Boswellia Sacra

Frankincense tree in the wild

Tapping into Frankincense and its Boswellic acids- an easy extraction method

How to isolate the resin and Boswellic acids from select Frankincense oleoresins with water

Boswellia Papyrifera-Pure Resin-Medicine, Perfume & Incense.

Boswellia Papyrifera-Isolated Resin-Boswellic acids-

Lately, we have been hearing a lot about the anti-inflammatory and anti-cancer compounds found in the frankincense family. The most publicized recently are the Boswellic acids and AKBA, or acetyl-keto-beta-boswellic acid,  pentacyclic triterpenes found in some species of Frankincense which make up a significant part of the resin in these oleo-gum-resins. The motivation for the increase in research, and much of the funding, from what I can see, is largely due the projected profit perceived by pharmaceutical companies. This isn’t necessarily a bad thing, since it provides the impetus for discovery, progress and knowledge, but good to keep in mind nonetheless.

With a rapidly growing aging population in the west, an increase in chronic inflammatory diseases such as arthritis, rheumatism, inflammatory bowel disease, and various cancers, the market is receptive. There are theories that most if not all age-related degenerative conditions are directly associated with inflammation. Frankincense’s history of use in traditional eastern medical systems as an anti-inflammatory makes it an excellent candidate for modern applications..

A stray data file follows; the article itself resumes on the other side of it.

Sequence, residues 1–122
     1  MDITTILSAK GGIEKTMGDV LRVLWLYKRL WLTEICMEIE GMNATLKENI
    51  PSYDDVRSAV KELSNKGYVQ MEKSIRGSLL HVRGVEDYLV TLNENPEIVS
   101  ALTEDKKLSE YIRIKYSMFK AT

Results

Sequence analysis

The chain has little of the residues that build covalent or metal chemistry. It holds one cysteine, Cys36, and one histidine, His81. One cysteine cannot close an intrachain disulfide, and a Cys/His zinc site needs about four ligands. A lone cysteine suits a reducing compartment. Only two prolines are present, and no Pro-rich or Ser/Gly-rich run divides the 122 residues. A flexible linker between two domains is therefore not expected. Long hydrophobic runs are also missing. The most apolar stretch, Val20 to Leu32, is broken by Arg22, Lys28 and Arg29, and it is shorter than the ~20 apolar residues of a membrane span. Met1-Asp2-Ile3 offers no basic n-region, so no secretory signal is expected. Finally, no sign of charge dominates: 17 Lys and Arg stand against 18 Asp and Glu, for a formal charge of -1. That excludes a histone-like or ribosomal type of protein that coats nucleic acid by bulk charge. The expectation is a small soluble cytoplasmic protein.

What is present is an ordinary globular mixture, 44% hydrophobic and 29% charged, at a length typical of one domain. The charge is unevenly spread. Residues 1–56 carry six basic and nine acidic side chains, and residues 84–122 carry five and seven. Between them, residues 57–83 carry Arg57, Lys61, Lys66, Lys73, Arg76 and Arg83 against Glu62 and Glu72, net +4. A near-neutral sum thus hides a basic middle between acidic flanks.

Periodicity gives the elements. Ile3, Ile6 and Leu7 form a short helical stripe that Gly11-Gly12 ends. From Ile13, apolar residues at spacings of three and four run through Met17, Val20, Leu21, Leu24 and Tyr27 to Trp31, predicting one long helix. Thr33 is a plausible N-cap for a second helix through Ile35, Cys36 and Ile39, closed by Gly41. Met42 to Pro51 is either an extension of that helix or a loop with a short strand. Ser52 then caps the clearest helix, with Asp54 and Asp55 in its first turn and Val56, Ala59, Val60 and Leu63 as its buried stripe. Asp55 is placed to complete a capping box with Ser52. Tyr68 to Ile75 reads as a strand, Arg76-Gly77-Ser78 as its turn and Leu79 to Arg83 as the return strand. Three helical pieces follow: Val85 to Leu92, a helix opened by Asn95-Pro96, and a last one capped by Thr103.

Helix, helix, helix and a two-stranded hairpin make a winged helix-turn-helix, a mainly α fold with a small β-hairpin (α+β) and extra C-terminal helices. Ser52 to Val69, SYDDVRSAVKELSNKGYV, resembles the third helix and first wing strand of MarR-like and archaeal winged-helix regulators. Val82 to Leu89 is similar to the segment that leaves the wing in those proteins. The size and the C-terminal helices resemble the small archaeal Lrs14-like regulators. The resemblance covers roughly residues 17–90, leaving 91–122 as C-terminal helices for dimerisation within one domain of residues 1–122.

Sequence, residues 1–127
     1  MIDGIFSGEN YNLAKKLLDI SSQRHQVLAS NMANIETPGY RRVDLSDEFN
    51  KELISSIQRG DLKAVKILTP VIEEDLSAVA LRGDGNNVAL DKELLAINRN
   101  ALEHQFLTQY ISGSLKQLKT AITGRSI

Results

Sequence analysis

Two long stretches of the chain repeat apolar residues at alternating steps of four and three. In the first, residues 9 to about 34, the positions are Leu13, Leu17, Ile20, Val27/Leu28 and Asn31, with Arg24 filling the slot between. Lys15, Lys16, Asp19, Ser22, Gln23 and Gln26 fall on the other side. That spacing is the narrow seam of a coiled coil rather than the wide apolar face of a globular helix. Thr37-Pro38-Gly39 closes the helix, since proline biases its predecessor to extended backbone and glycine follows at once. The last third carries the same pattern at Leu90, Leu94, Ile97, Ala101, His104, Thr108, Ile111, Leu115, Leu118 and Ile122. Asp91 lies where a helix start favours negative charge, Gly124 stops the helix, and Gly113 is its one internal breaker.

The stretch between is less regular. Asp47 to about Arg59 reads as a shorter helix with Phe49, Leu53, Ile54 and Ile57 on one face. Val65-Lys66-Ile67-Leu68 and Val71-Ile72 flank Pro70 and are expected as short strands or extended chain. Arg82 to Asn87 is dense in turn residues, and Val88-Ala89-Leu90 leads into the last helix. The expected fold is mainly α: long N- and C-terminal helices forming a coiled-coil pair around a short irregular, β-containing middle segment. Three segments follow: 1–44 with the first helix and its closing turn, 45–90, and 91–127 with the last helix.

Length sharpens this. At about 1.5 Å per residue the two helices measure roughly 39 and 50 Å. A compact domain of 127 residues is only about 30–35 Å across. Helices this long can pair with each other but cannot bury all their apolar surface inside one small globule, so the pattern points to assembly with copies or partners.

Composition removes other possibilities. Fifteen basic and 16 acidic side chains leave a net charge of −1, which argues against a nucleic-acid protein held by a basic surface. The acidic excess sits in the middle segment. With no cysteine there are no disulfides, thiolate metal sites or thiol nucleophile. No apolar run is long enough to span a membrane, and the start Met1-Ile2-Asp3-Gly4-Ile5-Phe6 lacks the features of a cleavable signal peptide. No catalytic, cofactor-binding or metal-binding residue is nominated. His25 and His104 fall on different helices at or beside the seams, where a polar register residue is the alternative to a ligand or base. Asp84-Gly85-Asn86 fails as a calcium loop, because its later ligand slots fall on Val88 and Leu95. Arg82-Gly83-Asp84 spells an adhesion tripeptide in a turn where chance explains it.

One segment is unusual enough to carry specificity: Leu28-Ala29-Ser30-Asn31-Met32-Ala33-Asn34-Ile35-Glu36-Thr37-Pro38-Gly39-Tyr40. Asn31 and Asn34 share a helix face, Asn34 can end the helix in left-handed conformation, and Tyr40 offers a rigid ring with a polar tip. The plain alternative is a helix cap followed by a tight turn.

Frankincense tree in the wild

Frankincense Sacra/Carterii tree in the wild

Besides hearing about Boswellic acids in groundbreaking studies, some essential oil companies advertise that their distilled essential oils of Frankincense contain a high percent of Boswellic acids. This is misleading. Some essential oils of Frankincense may have a higher percent of Boswellic acids than other essential oils of Frankincense, but the Boswellic acids are not found in the essential oils except in trace amounts. They are found in the heavy resin portion and cannot be distilled into the essential oils except in minute quantities. Like politics, statistics in advertising can be misleading.

The Boswellic acids are heavy molecules called triterpenes, and while many beneficial compounds are light enough to separate themselves from the frankincense oleo-gum-resin when heated during the distillation process, the Boswellic acids are not. They make up the heavier resin portion. This is not to say that the essential oil of Frankincense is not a wonderful therapeutic oil with many valuable compounds and health benefits, but that when it comes to Boswellic acid content, it can only have trace amounts unless Boswellic acids were added to it manually and then it would no longer be an essential oil, but an oleoresin..

Boswellia Sacra/Carterii resin extract beneath B. Papyrifera resin extrac

Made up mainly of Boswellic acids, and solid at room temperature, the  pure resins of Boswellia Sacra/Carterii beneath B. Papyrifera do not distill over with the essential oils.